ATLANTA -- Well aware of Freddie Freeman's ambitious and anxious personality, Braves manager Brian Snitker was actually expecting the text he received Monday evening, when Freeman exited his second rain-shortened rehab appearance with Triple-A Gwinnett and declared himself ready to return to Atlanta's lineup.Freeman tallied just five plate appearances over
ATLANTA -- Well aware of Freddie Freeman's ambitious and anxious personality, Braves manager Brian Snitker was actually expecting the text he received Monday evening, when Freeman exited his second rain-shortened rehab appearance with Triple-A Gwinnett and declared himself ready to return to Atlanta's lineup.
Freeman tallied just five plate appearances over the past seven weeks and really didn't have much of an opportunity to test himself at his new position. But shortly after gaining medical clearance from Dr. Gary Lourie, the two-time All-Star began his new role as the Braves' starting third baseman in Tuesday night's 16-4 loss to the Astros at SunTrust Park.
Playing two days shy of the seven-week anniversary of learning he had a fractured left wrist and might miss 10 weeks, Freeman began a 1-for-4 night at the plate with a first-inning single and successfully fielded the only ground ball hit to him at third base, the position he selflessly transitioned to, to allow Matt Adams to continue serving as the Braves' first baseman on a daily basis.
"I actually felt pretty good going into it," Freeman said. "When I got that uneasy feeling [about playing third base] out of the way in the rehab games, it's been gone ever since. Obviously, I wanted to get the first one out of the way. It was good to get a nice little easy hop to get the first one out of the way."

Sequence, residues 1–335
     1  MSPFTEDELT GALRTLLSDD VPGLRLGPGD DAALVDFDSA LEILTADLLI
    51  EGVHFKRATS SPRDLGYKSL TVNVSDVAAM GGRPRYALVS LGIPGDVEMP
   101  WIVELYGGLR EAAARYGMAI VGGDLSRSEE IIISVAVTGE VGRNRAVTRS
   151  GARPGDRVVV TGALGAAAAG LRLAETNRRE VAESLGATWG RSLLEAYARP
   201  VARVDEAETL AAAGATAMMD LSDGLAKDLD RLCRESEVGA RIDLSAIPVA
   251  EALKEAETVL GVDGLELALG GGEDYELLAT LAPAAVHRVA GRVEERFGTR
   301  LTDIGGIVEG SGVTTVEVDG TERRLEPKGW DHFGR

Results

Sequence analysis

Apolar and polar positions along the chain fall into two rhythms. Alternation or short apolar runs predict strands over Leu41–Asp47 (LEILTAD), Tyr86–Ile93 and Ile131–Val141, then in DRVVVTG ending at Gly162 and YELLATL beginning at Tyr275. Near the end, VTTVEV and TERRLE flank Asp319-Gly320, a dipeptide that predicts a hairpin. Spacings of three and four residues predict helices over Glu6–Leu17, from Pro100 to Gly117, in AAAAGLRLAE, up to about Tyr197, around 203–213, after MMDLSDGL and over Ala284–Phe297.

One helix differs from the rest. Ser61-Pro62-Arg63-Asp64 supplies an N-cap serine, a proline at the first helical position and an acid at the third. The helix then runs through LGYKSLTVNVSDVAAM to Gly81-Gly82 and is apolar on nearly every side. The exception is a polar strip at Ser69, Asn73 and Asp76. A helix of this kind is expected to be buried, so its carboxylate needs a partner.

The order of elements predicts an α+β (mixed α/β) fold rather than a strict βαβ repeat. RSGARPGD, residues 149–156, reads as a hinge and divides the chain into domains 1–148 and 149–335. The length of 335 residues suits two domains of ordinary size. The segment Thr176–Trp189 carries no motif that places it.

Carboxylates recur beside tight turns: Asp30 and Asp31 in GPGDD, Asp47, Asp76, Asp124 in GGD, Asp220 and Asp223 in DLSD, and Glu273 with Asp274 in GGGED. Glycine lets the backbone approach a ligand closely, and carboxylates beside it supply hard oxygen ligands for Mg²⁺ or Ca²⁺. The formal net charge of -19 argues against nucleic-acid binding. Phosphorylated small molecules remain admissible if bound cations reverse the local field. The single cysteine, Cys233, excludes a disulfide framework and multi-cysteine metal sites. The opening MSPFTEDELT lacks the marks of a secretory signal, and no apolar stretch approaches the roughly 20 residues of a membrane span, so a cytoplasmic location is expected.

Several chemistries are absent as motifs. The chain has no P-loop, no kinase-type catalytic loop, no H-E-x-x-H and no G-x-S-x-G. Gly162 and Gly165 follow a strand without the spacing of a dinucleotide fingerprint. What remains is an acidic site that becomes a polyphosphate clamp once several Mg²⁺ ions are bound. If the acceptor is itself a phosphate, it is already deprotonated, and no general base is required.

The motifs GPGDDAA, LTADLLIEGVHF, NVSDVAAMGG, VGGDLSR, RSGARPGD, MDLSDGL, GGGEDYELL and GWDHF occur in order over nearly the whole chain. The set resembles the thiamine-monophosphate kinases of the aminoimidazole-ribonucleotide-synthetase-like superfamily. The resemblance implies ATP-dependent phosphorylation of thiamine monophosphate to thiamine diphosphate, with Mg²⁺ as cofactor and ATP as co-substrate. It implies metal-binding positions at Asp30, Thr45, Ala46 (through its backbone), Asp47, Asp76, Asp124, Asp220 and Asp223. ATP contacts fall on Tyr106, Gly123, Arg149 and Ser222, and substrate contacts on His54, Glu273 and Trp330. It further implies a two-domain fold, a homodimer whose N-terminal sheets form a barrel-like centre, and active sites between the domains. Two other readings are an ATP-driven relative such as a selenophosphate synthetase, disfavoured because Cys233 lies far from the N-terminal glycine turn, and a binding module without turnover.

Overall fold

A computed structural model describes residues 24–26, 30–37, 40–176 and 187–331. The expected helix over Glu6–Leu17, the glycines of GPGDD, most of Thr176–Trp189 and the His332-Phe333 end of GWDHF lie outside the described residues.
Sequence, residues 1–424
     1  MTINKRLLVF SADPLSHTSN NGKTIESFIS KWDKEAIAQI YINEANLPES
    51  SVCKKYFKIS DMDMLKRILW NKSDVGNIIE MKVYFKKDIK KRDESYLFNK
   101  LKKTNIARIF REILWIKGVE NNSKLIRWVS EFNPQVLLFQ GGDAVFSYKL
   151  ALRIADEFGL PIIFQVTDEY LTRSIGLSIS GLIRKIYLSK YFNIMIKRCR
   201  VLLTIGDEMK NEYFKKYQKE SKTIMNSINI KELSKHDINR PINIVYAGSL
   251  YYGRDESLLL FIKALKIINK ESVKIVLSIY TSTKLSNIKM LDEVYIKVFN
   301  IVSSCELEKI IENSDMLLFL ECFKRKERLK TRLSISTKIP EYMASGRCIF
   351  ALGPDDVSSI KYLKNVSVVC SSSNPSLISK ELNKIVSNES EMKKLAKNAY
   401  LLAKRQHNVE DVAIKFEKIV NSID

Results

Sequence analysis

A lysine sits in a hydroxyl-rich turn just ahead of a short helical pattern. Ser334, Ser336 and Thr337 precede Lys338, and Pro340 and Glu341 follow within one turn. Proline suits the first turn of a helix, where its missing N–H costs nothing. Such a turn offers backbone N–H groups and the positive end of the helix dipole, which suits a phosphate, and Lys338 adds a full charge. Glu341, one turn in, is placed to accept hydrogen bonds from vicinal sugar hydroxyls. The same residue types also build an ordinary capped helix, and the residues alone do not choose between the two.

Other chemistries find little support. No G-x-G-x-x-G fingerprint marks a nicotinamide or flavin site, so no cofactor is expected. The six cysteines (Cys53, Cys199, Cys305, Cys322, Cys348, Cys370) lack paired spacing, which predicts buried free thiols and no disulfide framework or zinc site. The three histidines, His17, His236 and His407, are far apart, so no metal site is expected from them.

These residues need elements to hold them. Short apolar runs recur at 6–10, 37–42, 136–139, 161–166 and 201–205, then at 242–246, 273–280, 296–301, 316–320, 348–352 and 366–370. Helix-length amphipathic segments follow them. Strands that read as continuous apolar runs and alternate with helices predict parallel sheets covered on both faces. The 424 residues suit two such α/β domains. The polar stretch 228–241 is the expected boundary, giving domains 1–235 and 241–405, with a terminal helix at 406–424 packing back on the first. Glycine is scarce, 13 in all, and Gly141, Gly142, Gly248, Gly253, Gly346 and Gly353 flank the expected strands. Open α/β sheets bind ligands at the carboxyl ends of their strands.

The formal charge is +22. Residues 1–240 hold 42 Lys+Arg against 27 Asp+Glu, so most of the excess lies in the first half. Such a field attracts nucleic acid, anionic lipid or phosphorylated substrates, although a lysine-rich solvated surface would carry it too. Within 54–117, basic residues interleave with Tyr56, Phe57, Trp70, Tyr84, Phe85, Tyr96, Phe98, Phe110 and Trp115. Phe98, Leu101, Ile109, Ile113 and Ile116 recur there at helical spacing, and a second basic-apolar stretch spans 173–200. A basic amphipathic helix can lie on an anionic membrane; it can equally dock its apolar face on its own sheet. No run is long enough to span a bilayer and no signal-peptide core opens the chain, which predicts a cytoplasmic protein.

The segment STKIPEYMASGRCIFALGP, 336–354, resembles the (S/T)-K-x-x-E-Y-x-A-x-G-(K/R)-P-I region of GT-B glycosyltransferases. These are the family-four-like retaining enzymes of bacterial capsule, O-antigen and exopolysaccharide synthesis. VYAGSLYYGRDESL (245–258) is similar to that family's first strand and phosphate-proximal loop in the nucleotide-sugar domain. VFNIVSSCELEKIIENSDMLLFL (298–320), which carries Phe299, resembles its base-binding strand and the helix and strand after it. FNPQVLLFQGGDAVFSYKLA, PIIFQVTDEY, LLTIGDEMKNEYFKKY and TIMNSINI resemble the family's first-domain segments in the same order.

Freeman spent more than a week working with third-base coach Ron Washington before furthering his transition to third base Saturday, when he began what proved to be an abbreviated rehab assignment with Triple-A Gwinnett. He had just one ball hit to him in those two games, but by converting that chance into an out, he says he distanced himself from the uneasiness he felt while moving to a position he hasn't routinely played since high school.
After receiving a rousing ovation before singling to left-center in the first inning, Freeman passed another test in the second inning, when he fielded Alex Bregman's two-hop grounder behind the bag and fired across the diamond to record an out.
Freeman also gained a better feel for the speed of his new role when Yuli Gurriel lined a RBI double off the third-base bag in the second inning and Bregman laced a leadoff double in the fifth inning. The 27-year-old veteran dove and got a portion of his glove on Bregman's hot shot.
"It's obviously a different angle for me and you have more hot shots coming over there than you do at first base," Freeman said. "But hopefully I keep playing pretty good defense and those hot shots go into my glove."
Freeman was originally aiming to return to the Braves' lineup during this week's four-game series at Nationals Park. But after taking a multitude of swings Sunday and then getting through Monday night's rehab game without any problems, he requested the meeting with Lourie, who then provided the necessary medical clearance.
"I told him he could stay [with Gwinnett] for another three or four days and never get a ground ball and the first one he gets [in a Major League] game will probably be different than the one he got down there," Snitker said. "He told me he was down there wanting every ball hit to him."
Mark Bowman has been a reporter for MLB.com since 2001.